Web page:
Front Line Example: Too Much, Too SoonThis is a great example of how multiple programs, designed to optimize hiring and serve candidates, turn into a poor candidate experience once they are combined and inserted into the candidate lifecycle. It’s also a perfect example demonstrating why we tell employers that open ended questions are crucial to discovering breakthroughs in the hiring process. Here’s the real feedback that provided this example:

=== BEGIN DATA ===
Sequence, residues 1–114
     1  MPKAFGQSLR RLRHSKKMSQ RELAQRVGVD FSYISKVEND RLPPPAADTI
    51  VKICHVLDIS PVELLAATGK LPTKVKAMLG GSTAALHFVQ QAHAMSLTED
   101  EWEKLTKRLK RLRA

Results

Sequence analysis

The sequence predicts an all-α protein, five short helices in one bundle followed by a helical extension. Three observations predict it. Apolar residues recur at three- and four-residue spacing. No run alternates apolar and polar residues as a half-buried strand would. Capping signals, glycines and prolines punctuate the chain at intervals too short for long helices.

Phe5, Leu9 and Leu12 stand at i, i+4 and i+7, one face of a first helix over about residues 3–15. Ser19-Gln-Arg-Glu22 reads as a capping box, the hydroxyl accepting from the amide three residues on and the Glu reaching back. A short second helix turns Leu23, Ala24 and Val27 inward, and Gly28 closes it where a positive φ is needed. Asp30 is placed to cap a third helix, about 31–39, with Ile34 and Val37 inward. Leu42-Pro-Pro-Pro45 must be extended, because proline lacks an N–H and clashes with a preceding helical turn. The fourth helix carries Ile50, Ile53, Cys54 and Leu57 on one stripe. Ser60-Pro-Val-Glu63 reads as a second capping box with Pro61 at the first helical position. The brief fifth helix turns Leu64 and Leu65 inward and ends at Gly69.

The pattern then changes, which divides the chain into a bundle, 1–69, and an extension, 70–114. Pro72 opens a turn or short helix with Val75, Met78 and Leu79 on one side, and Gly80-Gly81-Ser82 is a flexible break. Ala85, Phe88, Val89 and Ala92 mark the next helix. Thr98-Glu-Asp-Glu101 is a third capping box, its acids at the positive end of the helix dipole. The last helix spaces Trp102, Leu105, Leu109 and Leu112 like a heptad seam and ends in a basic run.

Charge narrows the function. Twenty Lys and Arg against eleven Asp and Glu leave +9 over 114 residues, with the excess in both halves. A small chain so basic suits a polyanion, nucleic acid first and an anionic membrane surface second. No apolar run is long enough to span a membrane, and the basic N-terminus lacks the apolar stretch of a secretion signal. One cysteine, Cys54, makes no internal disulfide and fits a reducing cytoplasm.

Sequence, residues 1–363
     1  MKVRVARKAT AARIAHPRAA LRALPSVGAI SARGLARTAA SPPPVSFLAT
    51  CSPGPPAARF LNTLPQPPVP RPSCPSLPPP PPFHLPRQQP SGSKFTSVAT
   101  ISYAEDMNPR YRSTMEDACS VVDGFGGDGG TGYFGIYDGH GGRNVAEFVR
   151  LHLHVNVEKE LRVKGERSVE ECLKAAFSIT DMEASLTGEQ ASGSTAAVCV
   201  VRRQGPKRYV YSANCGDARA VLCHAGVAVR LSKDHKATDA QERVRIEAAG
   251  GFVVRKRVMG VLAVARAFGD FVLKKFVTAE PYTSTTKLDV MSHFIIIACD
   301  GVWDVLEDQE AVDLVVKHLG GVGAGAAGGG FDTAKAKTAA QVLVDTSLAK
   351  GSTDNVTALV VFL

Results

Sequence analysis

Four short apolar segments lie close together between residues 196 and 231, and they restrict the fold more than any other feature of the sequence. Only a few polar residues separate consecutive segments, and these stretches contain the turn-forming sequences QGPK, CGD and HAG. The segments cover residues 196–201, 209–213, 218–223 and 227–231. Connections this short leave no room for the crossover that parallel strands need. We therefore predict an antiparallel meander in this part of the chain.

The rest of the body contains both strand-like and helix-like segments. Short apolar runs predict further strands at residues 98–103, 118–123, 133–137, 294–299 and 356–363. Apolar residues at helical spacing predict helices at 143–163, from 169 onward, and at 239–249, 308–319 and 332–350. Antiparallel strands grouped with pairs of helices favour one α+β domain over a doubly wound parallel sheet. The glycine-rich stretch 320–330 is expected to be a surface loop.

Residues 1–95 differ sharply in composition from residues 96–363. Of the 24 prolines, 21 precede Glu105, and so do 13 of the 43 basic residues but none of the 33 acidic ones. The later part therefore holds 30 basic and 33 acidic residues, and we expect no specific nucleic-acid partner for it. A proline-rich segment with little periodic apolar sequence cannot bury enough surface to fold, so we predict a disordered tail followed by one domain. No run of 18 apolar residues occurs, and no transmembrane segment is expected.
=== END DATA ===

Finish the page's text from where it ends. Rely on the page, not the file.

“This is a former applicant who took an entire 83 question assessment when filling out my application yesterday just to be rejected via email only 2 hours later and then asked to fill out ANOTHER follow survey for new applicants? You guys are something else I bet my app wasn’t even seriously reviewed. What feedback could you possibly want from someone so unfit for consideration?”Now, where to begin? What would you do to avoid poor candidate experience? Ditch the survey? Delay the rejection email? Pare down the assessment? All of the above? We’ll get to that in a moment. The first point is that the assessment likely makes a lot of sense for this particular position (giving the employer the benefit of the doubt), so that is a good thing for selection. The rejection email shows transparent and timely communication. That’s one of the hallmarks of great candidate experience. No one is being ghosted by the employer after applying, nor are they waiting weeks or months to hear about a decision that was likely made shortly after applying. That’s a good thing. The survey also shows transparency and respect for the candidate by asking them for their feedback about what can be done better. Plus, it uncovered this little piece of poor candidate experience that can be easily cleaned up and help to improve the entire recruiting process.